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ACLU of Nevada threatens lawsuits over noncompliance with in-jail voting law


April Corbin Girnus, Nevada Current
March 25, 2024

The ACLU of Nevada is prepared to file lawsuits against numerous county and municipal jails for failing to comply with a voting access law that went into effect at the beginning of this year.

ACLU of Nevada Executive Director Athar Haseebullah told state lawmakers on the Interim Committee on Legislative Operations & Elections that lawsuits will be filed on April 15 against any detention center believed to be out of compliance with the new state law, which requires all county and city jails to have policies and procedures in place that allow detained people to vote in elections.

The mid-April deadline is designed to ensure that the issues be addressed in advance of the June primary elections.

“We don’t have much wiggle room,” said Haseebullah.

“We had an election that has already happened,” added Sadmira Ramic, a voting rights attorney with ACLU of Nevada, referring to the state-run presidential preference primary held in early February. “Disenfranchisement has already occurred.”

Haseebullah and Ramic did not publicly identify all of the facilities they believe are out of compliance with the in-jail voting law, but they noted that 5 of 12 facilities they formally requested information from had no policies on voting or were “not responsive.”

Mineral County was identified as a county that responded to the ACLU’s requests by stating only they were “monitoring” the new law.

According to the ACLU, 6 out of 12 facilities they contacted did not provide information or have policies on same-day voter registration, and seven did not have information about in-jail voting prominently posted. Both are specific requirements of the in-jail voting law, 2023’s Assembly Bill 286, which passed with wide bipartisan support. The ACLU also found instances of jails sharing outdated information about the voting rights of felons.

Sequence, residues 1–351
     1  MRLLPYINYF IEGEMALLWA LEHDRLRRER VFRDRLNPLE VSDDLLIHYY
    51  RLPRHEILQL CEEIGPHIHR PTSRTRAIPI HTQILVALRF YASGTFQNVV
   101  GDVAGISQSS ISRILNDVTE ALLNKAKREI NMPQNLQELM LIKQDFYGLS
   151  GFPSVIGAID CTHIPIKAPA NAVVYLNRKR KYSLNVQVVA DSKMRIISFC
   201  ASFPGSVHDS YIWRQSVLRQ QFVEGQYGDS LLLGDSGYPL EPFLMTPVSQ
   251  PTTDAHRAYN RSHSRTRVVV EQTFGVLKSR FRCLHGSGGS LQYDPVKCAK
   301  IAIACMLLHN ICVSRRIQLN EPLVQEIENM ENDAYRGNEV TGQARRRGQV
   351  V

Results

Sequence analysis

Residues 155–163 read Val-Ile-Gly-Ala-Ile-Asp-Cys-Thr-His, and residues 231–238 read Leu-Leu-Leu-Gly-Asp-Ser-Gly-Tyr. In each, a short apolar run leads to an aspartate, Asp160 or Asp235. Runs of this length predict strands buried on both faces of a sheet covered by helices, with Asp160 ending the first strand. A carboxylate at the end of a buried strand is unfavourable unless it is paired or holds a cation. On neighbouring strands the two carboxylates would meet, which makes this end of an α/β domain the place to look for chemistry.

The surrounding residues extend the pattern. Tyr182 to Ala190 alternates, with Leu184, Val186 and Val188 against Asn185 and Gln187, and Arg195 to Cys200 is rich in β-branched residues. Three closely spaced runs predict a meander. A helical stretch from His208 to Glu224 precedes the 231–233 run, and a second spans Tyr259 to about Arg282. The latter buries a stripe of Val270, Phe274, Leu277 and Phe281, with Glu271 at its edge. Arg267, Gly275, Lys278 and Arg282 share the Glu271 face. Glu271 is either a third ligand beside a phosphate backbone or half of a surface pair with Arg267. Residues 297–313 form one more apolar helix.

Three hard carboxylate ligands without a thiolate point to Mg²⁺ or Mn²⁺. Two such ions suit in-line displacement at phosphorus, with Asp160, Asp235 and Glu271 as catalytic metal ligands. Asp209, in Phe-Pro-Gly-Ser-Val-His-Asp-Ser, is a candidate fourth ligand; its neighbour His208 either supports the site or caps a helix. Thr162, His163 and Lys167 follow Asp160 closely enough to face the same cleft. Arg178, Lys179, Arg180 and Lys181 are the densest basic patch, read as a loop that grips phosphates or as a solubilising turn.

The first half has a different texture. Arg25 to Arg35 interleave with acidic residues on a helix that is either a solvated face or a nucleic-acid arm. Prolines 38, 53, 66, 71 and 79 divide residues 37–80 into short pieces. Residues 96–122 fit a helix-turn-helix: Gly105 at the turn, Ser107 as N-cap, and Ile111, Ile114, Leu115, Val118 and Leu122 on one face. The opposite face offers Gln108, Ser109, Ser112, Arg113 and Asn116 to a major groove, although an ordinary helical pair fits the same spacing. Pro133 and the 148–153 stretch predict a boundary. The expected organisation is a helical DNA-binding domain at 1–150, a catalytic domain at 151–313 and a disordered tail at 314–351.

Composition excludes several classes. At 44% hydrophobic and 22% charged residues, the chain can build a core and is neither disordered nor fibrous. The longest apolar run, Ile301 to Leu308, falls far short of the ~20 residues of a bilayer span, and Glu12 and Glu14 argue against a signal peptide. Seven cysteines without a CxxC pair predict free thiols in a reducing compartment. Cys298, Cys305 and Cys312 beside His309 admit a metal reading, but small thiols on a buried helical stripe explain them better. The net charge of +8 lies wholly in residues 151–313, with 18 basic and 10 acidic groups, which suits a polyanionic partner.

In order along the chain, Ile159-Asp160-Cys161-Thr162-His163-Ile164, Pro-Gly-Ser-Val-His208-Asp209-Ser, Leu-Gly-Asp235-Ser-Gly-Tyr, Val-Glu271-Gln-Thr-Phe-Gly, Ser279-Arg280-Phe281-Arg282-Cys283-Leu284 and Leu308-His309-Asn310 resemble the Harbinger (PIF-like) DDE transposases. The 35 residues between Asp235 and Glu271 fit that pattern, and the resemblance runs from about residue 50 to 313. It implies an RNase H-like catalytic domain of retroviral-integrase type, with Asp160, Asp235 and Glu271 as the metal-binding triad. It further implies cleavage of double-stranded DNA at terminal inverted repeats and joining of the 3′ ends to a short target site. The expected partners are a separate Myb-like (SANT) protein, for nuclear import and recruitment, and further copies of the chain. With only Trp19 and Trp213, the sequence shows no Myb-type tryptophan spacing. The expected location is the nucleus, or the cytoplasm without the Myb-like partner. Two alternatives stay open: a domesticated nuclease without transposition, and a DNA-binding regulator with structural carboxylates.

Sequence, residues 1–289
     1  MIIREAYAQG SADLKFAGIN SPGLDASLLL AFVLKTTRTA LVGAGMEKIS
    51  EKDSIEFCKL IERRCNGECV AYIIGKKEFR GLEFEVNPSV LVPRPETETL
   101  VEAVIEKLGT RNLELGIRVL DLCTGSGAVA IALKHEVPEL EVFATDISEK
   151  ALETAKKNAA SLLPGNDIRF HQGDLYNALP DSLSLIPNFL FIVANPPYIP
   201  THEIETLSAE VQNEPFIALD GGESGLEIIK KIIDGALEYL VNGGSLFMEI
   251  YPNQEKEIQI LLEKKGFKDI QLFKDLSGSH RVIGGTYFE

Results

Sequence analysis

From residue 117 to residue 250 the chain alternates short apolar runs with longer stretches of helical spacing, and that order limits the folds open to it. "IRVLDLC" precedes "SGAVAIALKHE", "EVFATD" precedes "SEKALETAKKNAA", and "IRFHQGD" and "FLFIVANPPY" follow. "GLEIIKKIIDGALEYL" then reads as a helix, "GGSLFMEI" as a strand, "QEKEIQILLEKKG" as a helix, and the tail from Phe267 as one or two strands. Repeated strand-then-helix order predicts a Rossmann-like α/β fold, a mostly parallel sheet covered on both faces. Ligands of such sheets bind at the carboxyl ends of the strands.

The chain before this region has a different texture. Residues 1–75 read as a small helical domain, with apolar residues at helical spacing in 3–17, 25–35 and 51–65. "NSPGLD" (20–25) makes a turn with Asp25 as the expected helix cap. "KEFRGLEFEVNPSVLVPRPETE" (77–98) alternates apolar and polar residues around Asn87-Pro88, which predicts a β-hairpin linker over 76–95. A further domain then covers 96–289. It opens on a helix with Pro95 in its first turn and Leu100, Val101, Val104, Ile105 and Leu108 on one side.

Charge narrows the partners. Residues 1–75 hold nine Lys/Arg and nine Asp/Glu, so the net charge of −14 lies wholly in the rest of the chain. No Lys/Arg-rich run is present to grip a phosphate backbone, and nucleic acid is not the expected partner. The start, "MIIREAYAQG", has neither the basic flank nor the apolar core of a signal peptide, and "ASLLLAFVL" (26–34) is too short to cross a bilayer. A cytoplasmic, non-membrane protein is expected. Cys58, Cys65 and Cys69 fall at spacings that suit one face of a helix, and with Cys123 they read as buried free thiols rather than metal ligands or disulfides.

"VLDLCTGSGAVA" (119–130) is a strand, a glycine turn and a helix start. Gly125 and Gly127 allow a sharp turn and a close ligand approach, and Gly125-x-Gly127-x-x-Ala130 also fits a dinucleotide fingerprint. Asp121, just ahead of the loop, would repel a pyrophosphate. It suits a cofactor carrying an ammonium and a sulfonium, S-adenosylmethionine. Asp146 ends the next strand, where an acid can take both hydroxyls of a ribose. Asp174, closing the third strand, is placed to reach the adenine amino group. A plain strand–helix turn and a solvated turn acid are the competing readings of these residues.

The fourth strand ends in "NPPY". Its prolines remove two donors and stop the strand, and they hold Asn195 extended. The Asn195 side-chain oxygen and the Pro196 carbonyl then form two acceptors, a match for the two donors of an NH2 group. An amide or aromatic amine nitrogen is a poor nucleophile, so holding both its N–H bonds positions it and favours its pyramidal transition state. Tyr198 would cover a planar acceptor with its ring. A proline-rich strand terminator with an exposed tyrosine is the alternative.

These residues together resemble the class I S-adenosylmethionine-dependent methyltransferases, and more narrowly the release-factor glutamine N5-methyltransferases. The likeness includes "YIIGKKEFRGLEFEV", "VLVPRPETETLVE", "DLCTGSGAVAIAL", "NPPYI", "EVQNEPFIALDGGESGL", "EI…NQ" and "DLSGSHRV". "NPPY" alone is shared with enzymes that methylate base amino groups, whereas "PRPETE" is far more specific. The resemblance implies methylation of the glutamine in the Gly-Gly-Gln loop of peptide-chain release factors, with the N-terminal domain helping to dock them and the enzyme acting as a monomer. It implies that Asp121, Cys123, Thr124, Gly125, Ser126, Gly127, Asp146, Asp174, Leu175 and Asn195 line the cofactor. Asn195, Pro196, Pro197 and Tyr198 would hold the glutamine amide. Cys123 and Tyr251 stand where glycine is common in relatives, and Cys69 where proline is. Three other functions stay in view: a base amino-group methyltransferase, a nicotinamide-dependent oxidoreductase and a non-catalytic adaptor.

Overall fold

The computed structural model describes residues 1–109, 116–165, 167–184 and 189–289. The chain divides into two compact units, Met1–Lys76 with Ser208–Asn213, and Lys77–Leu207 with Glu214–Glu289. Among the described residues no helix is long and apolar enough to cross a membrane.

Haseebullah said the ACLU’s hope is that detention centers will become compliant with the law and that litigation can be avoided altogether.

“We’re not here to yell or threaten counties or cities,” he said. “We’re trying to ensure compliance with the law, and we’re in a finite time period.”

State Sen. Skip Daly (D-Sparks) called the timeline set by the ACLU “more than generous.”

He added, “I am concerned that some of it is just political and people just want to thumb their nose at the state.”

Detention centers provide details

Prior to the ACLU’s presentation, several law enforcement agencies provided lawmakers with an update on how their in-jail voting worked for the presidential preference primary.

Churchill County Sheriff Richard Hickox told the committee that 43 inmates were in their detention facility on the election day, and that one of them participated.

That individual was not previously registered to vote, he added.

According to the Washoe County Sheriff’s Office, 69 inmates requested to vote. The majority, 43 people, could not be confirmed as Nevada residents and therefore did not vote. But 26 did. Only eight had been registered voters before.

In Southern Nevada, 23 people detained at Clark County Detention Center participated in the presidential preference primary, according to Nita Schmidt from the Las Vegas Metropolitan Police Department. Specific details, such as their voting registration status prior to being detained, were not immediately available.

Assemblywoman Brittney Miller (D-Las Vegas), who sponsored the in-jail voting bill, seemed encouraged by the numbers, saying it was “a solid number” of voters considering that the presidential preference primary was a new concept to Nevada.

Schmidt told lawmakers Metro is working with Southern Nevada’s other, smaller detention facilities (which include city jails for Las Vegas, Henderson and North Las Vegas) to set up a system where inmates at those smaller facilities can be transported to CCDC to vote in person at their polling place.

Nevada Current is part of States Newsroom, a network of news bureaus supported by grants and a coalition of donors as a 501c(3) public charity. Nevada Current maintains editorial independence. Contact Editor Hugh Jackson for questions: info@nevadacurrent.com. Follow Nevada Current on Facebook and Twitter.

This article is republished from Nevada Current under a Creative Commons license. Read the original article.